Casino Esport Conference set for Feb. 28-March 1 in Las Vegas

January 30, 2023 8:51 PM

Casino Esport Conference set for Feb. 28-March 1 in Las Vegas

Photo: Courtesy
  • Buck Wargo, CDC Gaming Reports
January 30, 2023 8:51 PM

The Casino Esport Conference (CEC) returns to Las Vegas for its seventh year on Feb. 28 and this year’s event has a new twist: a CEC University the day before the conference begins.

The conference returns to the Alexis Park Resort across from Virgin Hotels Las Vegas on Harmon Avenue.

Founded by brothers Ari and Ben Fox, the CEC connects the esports, video-gaming, casino, cinema, and collegiate worlds directly to esports players, marketers, developers, products, services, event providers, lawyers, and educators. It provides insight on how to monetize the video-gaming and esports industries.

The conference kicks off with a session on esports and video-gaming culture and why it matters to the gambling industry.

“This year, we’re getting into a lot more detail on how to do this, whereas in past years, it was more about what esports is,” Ben Fox said. “It’s now about implementing it and the people we have can help them facilitate that. We’re moving the needle forward. It’s very important for everybody. They need to understand this, because it’s going to be part of what they’re doing.”

There are sessions on payment systems, the metaverse, AR and VR technology in igaming and brick-and-mortar spaces, and how state regulators are dealing with advances in technology. On the second day, sessions tackle artificial intelligence and blockchain, marketing to a younger demographic, video games to adopt for peer-to-peer wagering, influencers and streaming on social media, how to stay ahead of technology trends, and why responsible gaming measures will make it more successful for a younger audience. Wagering on esports will be featured as Nevada adopts new regulations to make it the betting capital of the U.S.

“The one word I would use to describe the CEC is transformational, as we move the industry forward,” Ari Fox said. “Most conferences have a standard rollout — panel talks, socially focused, educational. I got an email from a conference that has the exact same speakers as last year. The question is, where are the new ideas? They need to come from outside the industry.”

The CEC is bringing in speakers like Jeff Lund, general manager of Meow Wolf, an arts and entertainment company based in Santa Fe, New Mexico, that creates immersive and interactive experiences that transport audiences into the realms of story and exploration. Another speaker is Louis Alfieri, principal with Raven Sun Creative.

“We’re bringing in people from various industries and working collaboratively, informing the gambling industry that it can use us to develop new things for a younger generation,” Ari Fox said. “The casino industry likes to say, ‘We’re good. We’re making money and don’t need to worry about anything. The CEC isn’t trying to rock the boat, but what we’re trying to say is the gambling industry needs to evolve and grow. That differentiates us from other conferences out there.”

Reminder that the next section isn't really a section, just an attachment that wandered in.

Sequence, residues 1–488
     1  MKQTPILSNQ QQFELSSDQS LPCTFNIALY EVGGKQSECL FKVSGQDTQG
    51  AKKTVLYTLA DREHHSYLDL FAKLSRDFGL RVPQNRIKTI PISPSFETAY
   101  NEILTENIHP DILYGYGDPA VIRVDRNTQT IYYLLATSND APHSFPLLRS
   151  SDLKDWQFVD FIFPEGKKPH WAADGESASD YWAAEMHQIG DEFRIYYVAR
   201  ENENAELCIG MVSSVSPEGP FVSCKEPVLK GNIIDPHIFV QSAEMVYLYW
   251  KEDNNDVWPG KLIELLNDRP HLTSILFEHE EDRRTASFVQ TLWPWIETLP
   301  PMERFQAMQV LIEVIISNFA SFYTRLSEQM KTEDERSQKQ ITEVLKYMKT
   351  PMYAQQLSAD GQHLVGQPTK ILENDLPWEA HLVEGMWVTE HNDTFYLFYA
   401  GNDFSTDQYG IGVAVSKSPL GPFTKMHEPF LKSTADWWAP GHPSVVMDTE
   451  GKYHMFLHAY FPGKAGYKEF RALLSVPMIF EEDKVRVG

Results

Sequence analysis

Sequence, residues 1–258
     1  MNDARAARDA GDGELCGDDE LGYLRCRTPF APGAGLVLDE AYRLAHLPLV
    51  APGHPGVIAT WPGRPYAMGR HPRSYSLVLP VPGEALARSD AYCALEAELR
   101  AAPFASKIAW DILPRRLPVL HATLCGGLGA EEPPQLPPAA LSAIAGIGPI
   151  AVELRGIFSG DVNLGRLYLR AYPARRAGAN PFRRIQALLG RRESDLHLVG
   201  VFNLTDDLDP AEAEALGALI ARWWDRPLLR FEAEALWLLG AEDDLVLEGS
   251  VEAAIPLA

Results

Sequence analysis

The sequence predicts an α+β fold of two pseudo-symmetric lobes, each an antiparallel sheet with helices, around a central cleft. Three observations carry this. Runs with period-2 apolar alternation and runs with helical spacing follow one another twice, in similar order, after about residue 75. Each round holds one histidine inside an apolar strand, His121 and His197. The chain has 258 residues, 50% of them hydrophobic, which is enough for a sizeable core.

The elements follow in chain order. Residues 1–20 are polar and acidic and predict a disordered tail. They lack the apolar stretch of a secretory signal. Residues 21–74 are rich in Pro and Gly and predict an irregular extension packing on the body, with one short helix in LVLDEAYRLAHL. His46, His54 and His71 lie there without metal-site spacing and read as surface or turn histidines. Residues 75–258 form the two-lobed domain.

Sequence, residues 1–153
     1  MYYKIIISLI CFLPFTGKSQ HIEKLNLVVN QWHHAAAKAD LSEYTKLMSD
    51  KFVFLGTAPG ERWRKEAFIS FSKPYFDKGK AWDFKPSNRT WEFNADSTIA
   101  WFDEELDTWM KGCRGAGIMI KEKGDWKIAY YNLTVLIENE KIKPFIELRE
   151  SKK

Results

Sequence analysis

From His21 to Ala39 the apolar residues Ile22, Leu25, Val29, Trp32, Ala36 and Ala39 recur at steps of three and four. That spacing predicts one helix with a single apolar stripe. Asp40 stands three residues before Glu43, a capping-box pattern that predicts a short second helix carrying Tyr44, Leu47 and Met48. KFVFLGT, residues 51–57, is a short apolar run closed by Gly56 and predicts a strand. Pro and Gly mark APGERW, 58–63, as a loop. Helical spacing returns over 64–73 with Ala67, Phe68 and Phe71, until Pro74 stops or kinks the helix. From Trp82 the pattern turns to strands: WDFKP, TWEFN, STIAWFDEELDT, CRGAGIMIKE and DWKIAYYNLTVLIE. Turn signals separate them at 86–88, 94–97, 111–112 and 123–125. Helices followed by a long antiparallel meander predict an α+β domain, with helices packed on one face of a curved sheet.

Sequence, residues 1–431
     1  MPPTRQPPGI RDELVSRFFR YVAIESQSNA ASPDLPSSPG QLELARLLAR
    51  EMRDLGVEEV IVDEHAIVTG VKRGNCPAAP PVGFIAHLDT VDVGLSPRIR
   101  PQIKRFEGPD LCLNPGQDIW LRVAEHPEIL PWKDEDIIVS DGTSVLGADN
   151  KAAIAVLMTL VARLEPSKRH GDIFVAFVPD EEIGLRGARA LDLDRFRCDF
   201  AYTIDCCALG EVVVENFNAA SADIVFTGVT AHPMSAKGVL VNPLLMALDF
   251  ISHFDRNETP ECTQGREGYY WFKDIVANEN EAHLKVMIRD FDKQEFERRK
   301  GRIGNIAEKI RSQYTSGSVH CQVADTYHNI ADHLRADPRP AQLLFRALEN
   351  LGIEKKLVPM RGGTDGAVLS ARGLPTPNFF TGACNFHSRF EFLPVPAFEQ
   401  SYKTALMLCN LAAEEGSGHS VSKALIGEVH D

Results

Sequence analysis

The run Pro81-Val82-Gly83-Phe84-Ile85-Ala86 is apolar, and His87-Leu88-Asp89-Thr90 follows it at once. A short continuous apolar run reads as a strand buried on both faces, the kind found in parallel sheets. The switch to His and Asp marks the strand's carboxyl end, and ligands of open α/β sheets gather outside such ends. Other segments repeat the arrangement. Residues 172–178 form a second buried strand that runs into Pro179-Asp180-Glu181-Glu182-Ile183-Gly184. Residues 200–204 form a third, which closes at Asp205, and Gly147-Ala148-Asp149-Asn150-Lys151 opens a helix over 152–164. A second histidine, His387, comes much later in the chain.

Ben Fox said that while it’s been slow, the industry is moving forward. If executives can recognize the reason why CEC exists, they will understand the need to be part of it.

Another speaker is Vlastimil Vencik, founder and CEO of, who will give the keynote to kick off the conference.

“We have a unique offering, which is why a lot of other event companies keep scratching their heads when it comes to us,” Ben Fox said. “We’re not funded by a major corporation. We’re grassroots more than any event out there. People realize we have a lot of heart and soul and that’s what we are trying to get across. We keep coming up with new ways to try to foster this business for them and their understanding of it.”

Ari Fox said one important session is on how artificial intelligence is becoming mainstream and can help the gambling industry evolve at every level of interaction on the casino and hospitality side.

“Using AI can be scary at first. But younger people tend to accept, use, and embrace it,” Ari Fox said. “For example, an AI hologram books your room or an AI robot brings food to your room.”

Ari Fox said if a casino wants to adopt a skill-based game, AI can serve as the go-between and be programmed to adopt and learn against someone else playing solo. It provides the opportunity they can win at that level, but not win a lot.

“AI can be an amazing tool to allow the casino to attract a gamer over and over again,” Ari Fox said. “It’s this ability to reel them in with AI.”

Some of the other speakers include Jan Jones Blackhurst, executive director of the UNLV Black Fire leadership initiative and board member of Caesars Entertainment; Robert Ripee, executive director of the Black Fire Innovation Hub; Seth Schorr, chief executive of Fifth Street Gaming; Mike Darley, CEO of Next Gaming; casino industry consultant Oliver Lovat; George Chanos, former attorney general of Nevada; former NFL player Ahman Green, a collegiate esports coach; Christopher LaPorte, founder of RESET; Christian Bishop, director of Twitch Properties; Ernie Stevens, chairman of the Indian Gaming Association and part of the Indian Gaming Esports Association; Bo Grey, co-founder of Wager Score; Brian Lessman, a client services executives with GLI; Paris Smith, CEO of Pinnacle Sports; and Michael Morton, counsel for the Nevada Gaming Board.

The CEC University is a classroom setting on February 27. This is the first year of the CEC U. and involves a field trip to the Illuminarium Las Vegas, where there will be a mixer with food and beverage, plus a tour of Meow Wolf and Omega Mart at the adjacent Area15.

“We created a classroom environment so that people coming in will understand the jargon and what it even is, as opposed to the panel discussions the next two days,” Ben Fox said. “It’s a more immersive interactive experience.”